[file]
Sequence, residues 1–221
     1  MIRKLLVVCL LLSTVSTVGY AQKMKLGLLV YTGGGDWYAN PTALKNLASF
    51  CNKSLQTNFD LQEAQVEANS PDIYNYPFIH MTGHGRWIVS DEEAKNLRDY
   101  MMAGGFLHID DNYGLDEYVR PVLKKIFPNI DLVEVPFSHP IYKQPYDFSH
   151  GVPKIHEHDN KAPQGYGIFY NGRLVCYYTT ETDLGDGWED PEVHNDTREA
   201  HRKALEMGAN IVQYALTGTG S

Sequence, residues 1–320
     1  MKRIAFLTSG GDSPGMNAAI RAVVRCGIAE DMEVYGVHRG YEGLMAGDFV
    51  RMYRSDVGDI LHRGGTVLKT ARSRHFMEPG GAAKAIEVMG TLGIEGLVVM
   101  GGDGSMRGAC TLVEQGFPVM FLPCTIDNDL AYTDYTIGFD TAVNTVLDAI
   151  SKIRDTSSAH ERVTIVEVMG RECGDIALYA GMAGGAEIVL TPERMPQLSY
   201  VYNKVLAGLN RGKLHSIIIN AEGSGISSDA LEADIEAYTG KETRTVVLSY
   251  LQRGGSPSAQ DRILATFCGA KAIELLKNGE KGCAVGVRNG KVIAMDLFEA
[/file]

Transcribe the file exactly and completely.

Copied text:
Sequence, residues 1–221
     1  MIRKLLVVCL LLSTVSTVGY AQKMKLGLLV YTGGGDWYAN PTALKNLASF
    51  CNKSLQTNFD LQEAQVEANS PDIYNYPFIH MTGHGRWIVS DEEAKNLRDY
   101  MMAGGFLHID DNYGLDEYVR PVLKKIFPNI DLVEVPFSHP IYKQPYDFSH
   151  GVPKIHEHDN KAPQGYGIFY NGRLVCYYTT ETDLGDGWED PEVHNDTREA
   201  HRKALEMGAN IVQYALTGTG S

Sequence, residues 1–320
     1  MKRIAFLTSG GDSPGMNAAI RAVVRCGIAE DMEVYGVHRG YEGLMAGDFV
    51  RMYRSDVGDI LHRGGTVLKT ARSRHFMEPG GAAKAIEVMG TLGIEGLVVM
   101  GGDGSMRGAC TLVEQGFPVM FLPCTIDNDL AYTDYTIGFD TAVNTVLDAI
   151  SKIRDTSSAH ERVTIVEVMG RECGDIALYA GMAGGAEIVL TPERMPQLSY
   201  VYNKVLAGLN RGKLHSIIIN AEGSGISSDA LEADIEAYTG KETRTVVLSY
   251  LQRGGSPSAQ DRILATFCGA KAIELLKNGE KGCAVGVRNG KVIAMDLFEA